We introduce a novel contact-free mechanism to render haptic feedback onto a tracked stylus via a hemispherical electromagnet. An approximate model of the magnet interaction and a computationally efficient control strategy allow for the dynamic rendering of attracting and repulsive forces, for example, allowing users to explore virtual surfaces in a thin shell surrounding the device (inset).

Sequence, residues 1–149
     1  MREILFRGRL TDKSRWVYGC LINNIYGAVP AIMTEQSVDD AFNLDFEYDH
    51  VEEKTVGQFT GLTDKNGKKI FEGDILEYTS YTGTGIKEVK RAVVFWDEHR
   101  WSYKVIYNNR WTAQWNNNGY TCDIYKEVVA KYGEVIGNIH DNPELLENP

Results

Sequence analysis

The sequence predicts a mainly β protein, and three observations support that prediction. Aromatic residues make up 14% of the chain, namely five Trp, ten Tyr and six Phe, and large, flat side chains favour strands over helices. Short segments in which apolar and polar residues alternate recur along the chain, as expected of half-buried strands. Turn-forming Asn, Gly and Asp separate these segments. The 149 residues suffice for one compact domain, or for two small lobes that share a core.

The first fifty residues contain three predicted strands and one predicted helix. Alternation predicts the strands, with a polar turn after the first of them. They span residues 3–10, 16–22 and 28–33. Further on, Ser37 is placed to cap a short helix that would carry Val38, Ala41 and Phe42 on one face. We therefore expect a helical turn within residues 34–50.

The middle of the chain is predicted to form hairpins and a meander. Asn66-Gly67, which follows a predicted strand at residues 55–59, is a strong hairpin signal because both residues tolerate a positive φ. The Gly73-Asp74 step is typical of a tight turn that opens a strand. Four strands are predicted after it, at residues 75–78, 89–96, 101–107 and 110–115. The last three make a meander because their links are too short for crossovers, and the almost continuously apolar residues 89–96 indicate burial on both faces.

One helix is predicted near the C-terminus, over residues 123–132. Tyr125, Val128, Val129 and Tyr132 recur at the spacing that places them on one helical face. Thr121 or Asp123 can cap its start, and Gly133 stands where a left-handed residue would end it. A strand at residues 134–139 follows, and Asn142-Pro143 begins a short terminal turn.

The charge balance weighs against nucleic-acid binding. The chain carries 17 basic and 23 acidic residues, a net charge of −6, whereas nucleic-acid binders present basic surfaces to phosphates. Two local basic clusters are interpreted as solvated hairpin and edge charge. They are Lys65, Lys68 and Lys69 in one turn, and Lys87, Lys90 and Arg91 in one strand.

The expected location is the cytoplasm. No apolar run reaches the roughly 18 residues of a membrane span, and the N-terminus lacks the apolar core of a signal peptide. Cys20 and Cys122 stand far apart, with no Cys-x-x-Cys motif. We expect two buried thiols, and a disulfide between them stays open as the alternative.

In this paper we introduce a novel contact-free volumetric haptic feedback device. A symmetric electromagnet is used in combination with a dipole magnet model and a simple control law to deliver dynamically adjustable forces onto a hand-held tool. The tool only requires an embedded permanent magnet and thus can be entirely untethered. The force, however, while contact-free, remains grounded via the spherical electromagnet and relatively large forces (1N at contact) can be felt by the user. The device is capable of rendering both attracting and repulsive forces in a thin shell around the electromagnet. We report findings from a user experiment with 6 participants, characterizing force delivery aspects and perceived precision of our system. We found that users can discern at least 25 locations for repulsive forces.